This is the Year of the Tortoise: the year I write my book. It will be about my journey through the year, and about patience and sureness of purpose. It will take all year to write.
Some writing in the past has been hare-like, having to meet deadlines, leaving me and my family with ears pinned back and sore feet from the dash. This will be different. It is fitting that it will be a process and a journey, for that is what my writing life has been so far.
Even daring to call myself “a writer” took almost forty years. After that, I took the next step of completing a magazine journalism course. The magazine writing course was based on working progressively towards a final article, and the first hurdle was to find a topic. Tea-bags? Babies? Job-hunting? Which topic should I choose?
A visit to Butterfly World in Paarl helped me focus, not on butterflies, or zoos, but on a pet from my childhood: tortoises. We had kept a succession of tortoises in an old aviary in our yard. They’d fed on vegetables, and had ambled slowly across the lawn. That was a lifetime ago. Now I needed some expert information. Summoning my courage, I phoned the local university and its resident tortoise fundi. A short while later, we were sitting over coffee and I was asking my questions. The man’s insight and passion were infectious, and I had high hopes for my chosen topic. The article succeeded academically for the writing course; might it also succeed commercially?
I tried Wild; I tried Country Life; I tried a few other magazines. Either they had recently run a story on tortoises, or just were not interested. A halt, then, on the journey of the tortoise.
Next came handbags – no connection to tortoises or even to wildlife, but certainly local. A visit to a community development project, Learn to Earn, led to a successful article, “Bags of Talent”, for an airline magazine. And then – nothing. I haven’t sold another article since. In fact, I have not even written many articles. Instead, I have written chapters for text-books, drawing on my experience as an English teacher. These tasks have brought inspiring mentors into my life, as well as giving me a better understanding of the writing and publishing process.
So my writing portfolio comprises a few articles and some text-book authoring; all very much on-and-off. Encouraged by friends, I began a blog, but the entries were sporadic. Now, finally, the idea for a blog – and a book – has crystallised. Just like the tortoises in my very first Writers’ College article, my journey into writing has been slow, but sure of purpose.
Writing has helped me understand my own internal processes too. Journaling some very vivid dreams has been enlightening, satisfying, and challenging. My written dreams have helped untangle some relationship difficulties; given me focus; and strengthened new resolves. By the start of 2013, my relationships were going smoothly, and there was no text-book writing for the moment. Then came a meeting with a familiar source of inspiration: a tortoise.
“What would you like to do after we take your brother to school?”
“Go to the Nature Reserve, just us two.” This was Alexander, whose new school started on a different day from his elder brother’s.
The two of us set out, water bottle and snack on hand, hats on, to walk in our local fynbos reserve. I allowed Alexander to choose the paths, and we wound our way along the stream, overhung with cooling trees. At intervals a bench would beckon, a memorial to a loved one, now providing a place of reflection for fellow walkers. We sat and talked; walked hand-in-hand; and in sloping, open places he ran ahead, always waiting until I came into sight before running off again. We found dewy spiders’ webs; daring edges where the path almost fell into the stream; glades of dappled sun and shade.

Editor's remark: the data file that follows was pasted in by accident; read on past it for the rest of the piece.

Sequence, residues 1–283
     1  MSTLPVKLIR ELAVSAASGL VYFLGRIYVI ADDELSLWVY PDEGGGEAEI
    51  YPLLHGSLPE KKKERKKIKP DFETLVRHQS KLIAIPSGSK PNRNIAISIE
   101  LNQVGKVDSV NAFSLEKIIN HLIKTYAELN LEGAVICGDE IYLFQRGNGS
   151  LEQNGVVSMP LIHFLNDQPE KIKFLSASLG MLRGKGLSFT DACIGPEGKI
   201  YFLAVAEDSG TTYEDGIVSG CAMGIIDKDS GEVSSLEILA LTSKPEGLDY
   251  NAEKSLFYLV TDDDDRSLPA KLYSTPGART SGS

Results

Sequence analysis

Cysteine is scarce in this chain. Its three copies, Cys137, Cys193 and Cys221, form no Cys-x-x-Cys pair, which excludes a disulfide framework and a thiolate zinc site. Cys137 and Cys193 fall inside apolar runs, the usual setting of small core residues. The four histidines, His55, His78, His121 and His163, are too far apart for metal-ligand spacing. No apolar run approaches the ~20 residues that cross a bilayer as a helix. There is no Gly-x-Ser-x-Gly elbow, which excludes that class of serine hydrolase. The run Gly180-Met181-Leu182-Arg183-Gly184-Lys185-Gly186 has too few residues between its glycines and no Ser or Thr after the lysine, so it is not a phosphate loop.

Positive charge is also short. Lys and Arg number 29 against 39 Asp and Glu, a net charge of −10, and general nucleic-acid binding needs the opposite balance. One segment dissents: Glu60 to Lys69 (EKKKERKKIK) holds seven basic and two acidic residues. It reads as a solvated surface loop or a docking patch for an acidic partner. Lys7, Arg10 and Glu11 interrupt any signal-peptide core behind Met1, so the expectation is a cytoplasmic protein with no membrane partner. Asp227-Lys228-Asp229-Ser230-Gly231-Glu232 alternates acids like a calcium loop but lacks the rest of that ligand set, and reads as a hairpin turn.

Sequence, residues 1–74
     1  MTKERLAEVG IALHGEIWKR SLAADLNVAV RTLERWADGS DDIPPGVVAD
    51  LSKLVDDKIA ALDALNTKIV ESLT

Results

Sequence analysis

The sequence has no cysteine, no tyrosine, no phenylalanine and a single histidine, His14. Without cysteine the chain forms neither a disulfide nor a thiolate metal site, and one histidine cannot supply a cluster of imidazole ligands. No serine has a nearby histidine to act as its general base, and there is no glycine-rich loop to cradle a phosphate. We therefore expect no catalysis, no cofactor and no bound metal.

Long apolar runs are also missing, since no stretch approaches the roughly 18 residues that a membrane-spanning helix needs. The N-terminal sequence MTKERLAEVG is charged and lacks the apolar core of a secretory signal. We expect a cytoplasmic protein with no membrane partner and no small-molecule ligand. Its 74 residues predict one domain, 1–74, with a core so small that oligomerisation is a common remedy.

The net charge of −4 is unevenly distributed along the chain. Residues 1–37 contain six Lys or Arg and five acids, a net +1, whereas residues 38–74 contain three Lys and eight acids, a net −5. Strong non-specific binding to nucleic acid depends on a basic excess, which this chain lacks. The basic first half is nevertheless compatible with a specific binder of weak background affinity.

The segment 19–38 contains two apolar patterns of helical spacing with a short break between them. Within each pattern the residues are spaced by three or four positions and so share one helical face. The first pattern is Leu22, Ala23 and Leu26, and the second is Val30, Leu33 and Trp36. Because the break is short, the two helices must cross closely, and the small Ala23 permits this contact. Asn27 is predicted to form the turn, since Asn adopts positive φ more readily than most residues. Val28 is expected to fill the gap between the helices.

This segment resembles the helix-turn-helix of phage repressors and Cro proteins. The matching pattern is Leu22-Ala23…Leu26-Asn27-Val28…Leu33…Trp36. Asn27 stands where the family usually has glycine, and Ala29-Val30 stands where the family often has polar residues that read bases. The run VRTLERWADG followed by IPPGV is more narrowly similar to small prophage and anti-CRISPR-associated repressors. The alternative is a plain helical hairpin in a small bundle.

After exploring the path until it emerged into bright sunshine, we agreed to turn back – it was getting too hot to be without shade on a January morning. We reached the stone archway marking the boundary between reserve and car-park and as we emerged there was a movement at our feet.
“Tortoise!” came Alexander’s delighted exclamation.
It was indeed a tortoise – a venerable, elderly tortoise, quite as big as a small dog . Oddly, its shell was almost colourless; it was as if several parts had been scoured until they showed only white. Awed, we realized it must have survived a fire.
“I want to see where it goes!”
We had all morning; so I watched my son, who watched the tortoise. It had a steady walk; eager, even. The scaly, wrinkled neck was stretched out; it was on its tip-toes, for maximum speed; and it knew where it was going. Its direction seemed counter-intuitive: the open, grassy spaces lay one way; tarred car-park, the other; and it was headed across that hot, grey expanse. Alexander ran alongside, then ahead.
“Slowly!” I cautioned. “Don’t scare it!”
Where was it going? It headed around the plants marking the centre of the parking spaces, and into a pool of water leaking from a sprinkler…
The tortoise in the water was quite remarkable. It stretched its neck even further, and seemed to sip a little. Then it settled its body right down onto the patch of water, and sort of “squelched” into it. It was like watching a sponge being used to soak up a puddle: the tortoise moved its whole shell from side to side, as if to saturate it with the cool water.
Satisfied, the tortoise put out its legs and trundled off, back across the car park, headed for the soft grass and titbit-carrying picnickers.
I resolve to be like the tortoise: to head purposefully for the “cool water”; to soak in it, and not mind how I look or how long the detour takes.
This will be the year of writing, of delight, patience and being refreshed. My Year of the Tortoise.
© Keren Hoy 2013
Congratulations to Keren Hoy for winning the “My Writing Journey Competition” for February 2013.
Image: Michael Baird